As the United States accepts up to 100,000 refugees from Ukraine, countless women and mothers will need support with regaining their self-sufficiency, and obtaining economic mobility and inclusion in their new country. Securing a job that aligns with their skillset is crucial. Upwardly Global has helped over 750 refugees from Ukraine find jobs that align with their credentials to date, and continues to place more immigrants and refugees in new jobs every day.
Ivana Mousa was confident in her career in her home country of Sudan, working for 15 years as a radio news anchor reporting on gender inequality. The job was dangerous, but she pursued it because of her passion for capturing and elevating powerful stories. Through her work, she became an inspiration to other mothers and young women who saw themselves in her, strong and resilient.
When Ivana arrived in the United States alone and pregnant with her second child, she found it nearly impossible to find a job that aligned with her passion. After escaping the unrest in South Sudan, Ivana tried to restart her career in journalism in New York. “I was hopeful because I was in the land of freedom, equality, and opportunity,” says Ivana. “But getting a foothold in the industry was difficult. Without a support system, finding a job I was passionate about proved impossible. I was alone with my young son, pregnant with my second, navigating a pandemic and battling the feelings of displacement.”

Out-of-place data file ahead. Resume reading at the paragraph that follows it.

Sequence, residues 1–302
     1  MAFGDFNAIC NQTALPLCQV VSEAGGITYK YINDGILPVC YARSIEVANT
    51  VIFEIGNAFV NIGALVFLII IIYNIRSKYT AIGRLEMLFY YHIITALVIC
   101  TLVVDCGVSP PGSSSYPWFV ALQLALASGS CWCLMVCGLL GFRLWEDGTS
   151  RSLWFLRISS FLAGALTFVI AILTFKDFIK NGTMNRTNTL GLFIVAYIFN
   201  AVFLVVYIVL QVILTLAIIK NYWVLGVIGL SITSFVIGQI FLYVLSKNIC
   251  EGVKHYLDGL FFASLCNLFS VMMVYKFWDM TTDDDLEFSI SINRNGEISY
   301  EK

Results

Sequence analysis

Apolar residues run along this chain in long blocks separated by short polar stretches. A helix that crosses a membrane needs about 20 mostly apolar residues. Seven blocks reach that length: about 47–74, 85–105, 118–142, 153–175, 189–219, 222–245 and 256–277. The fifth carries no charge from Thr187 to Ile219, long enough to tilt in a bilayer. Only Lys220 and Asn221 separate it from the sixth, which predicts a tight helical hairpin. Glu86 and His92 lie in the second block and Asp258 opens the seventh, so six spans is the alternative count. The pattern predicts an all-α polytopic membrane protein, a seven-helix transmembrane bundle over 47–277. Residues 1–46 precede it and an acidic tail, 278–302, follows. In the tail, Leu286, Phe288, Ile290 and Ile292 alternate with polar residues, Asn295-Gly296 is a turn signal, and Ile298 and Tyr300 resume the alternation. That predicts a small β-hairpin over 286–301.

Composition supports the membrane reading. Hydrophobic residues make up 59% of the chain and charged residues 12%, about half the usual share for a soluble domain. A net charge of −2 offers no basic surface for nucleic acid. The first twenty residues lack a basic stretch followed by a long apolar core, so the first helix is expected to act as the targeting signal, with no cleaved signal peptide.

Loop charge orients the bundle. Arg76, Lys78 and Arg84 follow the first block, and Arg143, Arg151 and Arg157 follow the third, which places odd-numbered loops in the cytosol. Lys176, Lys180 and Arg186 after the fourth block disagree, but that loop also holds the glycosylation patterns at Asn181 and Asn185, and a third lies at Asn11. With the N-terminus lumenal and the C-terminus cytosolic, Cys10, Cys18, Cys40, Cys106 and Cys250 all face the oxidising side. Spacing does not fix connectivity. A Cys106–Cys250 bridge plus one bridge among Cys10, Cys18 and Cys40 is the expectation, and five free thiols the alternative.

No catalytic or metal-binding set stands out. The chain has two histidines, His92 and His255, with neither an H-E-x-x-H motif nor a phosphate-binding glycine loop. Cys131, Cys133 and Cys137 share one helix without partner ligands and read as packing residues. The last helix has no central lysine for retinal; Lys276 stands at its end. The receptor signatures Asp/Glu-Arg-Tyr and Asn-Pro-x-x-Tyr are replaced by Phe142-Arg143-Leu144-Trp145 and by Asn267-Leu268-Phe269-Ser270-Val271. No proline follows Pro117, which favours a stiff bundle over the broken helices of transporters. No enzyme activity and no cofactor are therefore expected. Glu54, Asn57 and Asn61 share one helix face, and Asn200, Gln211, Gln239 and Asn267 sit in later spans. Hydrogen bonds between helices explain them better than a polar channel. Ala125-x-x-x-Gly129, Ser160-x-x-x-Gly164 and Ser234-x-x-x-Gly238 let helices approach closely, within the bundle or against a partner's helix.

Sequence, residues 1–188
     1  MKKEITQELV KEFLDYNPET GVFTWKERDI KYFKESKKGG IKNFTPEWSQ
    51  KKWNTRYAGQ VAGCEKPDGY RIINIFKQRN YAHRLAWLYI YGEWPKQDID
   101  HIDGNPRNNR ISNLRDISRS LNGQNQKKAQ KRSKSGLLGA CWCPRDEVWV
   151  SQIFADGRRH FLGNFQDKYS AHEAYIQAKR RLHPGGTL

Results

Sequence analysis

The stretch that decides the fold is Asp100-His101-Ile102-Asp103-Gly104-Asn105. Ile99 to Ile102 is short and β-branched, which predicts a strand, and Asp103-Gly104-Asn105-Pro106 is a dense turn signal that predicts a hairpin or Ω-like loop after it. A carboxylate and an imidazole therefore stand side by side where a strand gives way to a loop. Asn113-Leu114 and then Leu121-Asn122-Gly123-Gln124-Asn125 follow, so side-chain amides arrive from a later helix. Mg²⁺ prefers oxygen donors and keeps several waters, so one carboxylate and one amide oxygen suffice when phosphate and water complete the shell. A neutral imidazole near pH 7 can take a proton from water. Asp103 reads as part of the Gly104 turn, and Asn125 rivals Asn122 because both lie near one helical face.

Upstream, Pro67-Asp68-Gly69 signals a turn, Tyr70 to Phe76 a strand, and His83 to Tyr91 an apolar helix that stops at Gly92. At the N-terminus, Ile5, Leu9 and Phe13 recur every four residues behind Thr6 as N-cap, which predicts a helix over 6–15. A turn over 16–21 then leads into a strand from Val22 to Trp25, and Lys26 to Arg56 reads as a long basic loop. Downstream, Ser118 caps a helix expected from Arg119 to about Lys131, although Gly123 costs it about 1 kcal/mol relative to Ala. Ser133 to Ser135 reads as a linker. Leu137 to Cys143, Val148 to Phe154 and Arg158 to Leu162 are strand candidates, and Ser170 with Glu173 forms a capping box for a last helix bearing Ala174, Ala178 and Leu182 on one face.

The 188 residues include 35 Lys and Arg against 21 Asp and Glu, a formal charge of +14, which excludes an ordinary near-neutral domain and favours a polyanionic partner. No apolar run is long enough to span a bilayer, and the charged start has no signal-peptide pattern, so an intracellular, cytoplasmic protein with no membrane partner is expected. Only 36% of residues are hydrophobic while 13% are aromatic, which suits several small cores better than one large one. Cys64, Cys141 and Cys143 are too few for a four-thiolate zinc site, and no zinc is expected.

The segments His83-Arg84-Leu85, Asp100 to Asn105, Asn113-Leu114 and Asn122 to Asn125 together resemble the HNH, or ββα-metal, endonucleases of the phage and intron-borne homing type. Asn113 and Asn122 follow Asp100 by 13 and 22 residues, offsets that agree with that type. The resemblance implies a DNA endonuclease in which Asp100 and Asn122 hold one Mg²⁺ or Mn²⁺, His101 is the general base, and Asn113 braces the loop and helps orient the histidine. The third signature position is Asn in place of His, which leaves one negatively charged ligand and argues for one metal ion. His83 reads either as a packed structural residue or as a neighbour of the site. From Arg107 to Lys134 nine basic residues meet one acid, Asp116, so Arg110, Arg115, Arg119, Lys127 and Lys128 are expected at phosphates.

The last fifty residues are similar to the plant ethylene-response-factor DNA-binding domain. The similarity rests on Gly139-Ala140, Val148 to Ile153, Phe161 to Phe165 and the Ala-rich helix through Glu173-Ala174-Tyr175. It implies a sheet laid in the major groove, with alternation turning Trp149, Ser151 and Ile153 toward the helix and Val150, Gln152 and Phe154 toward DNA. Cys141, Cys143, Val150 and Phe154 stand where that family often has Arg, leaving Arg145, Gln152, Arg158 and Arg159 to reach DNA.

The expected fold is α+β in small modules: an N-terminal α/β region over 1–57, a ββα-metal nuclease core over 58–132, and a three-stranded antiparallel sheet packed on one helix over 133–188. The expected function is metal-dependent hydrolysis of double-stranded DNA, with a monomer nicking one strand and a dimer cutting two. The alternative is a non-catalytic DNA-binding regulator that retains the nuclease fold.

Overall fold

Since working with Upwardly Global, Ivana has landed a job as a case manager, helping women and girls in New York City. “This community, every donor, volunteer, partner and supporter, helped make it possible for me to secure my first professional job in the U.S.,” Ivana says. “In my new role, I now get to pass on the hope that you all have given me, and invest that into other women here in my new city. I can’t tell you how grateful and excited I am to use my skills, experiences, and empathy to help others. This is more than just a job. It’s an opportunity for me to provide for my family and give back to my community – thank you for helping me to get here.”
Watch Ivana’s story here.
What does Mother’s Day mean to you?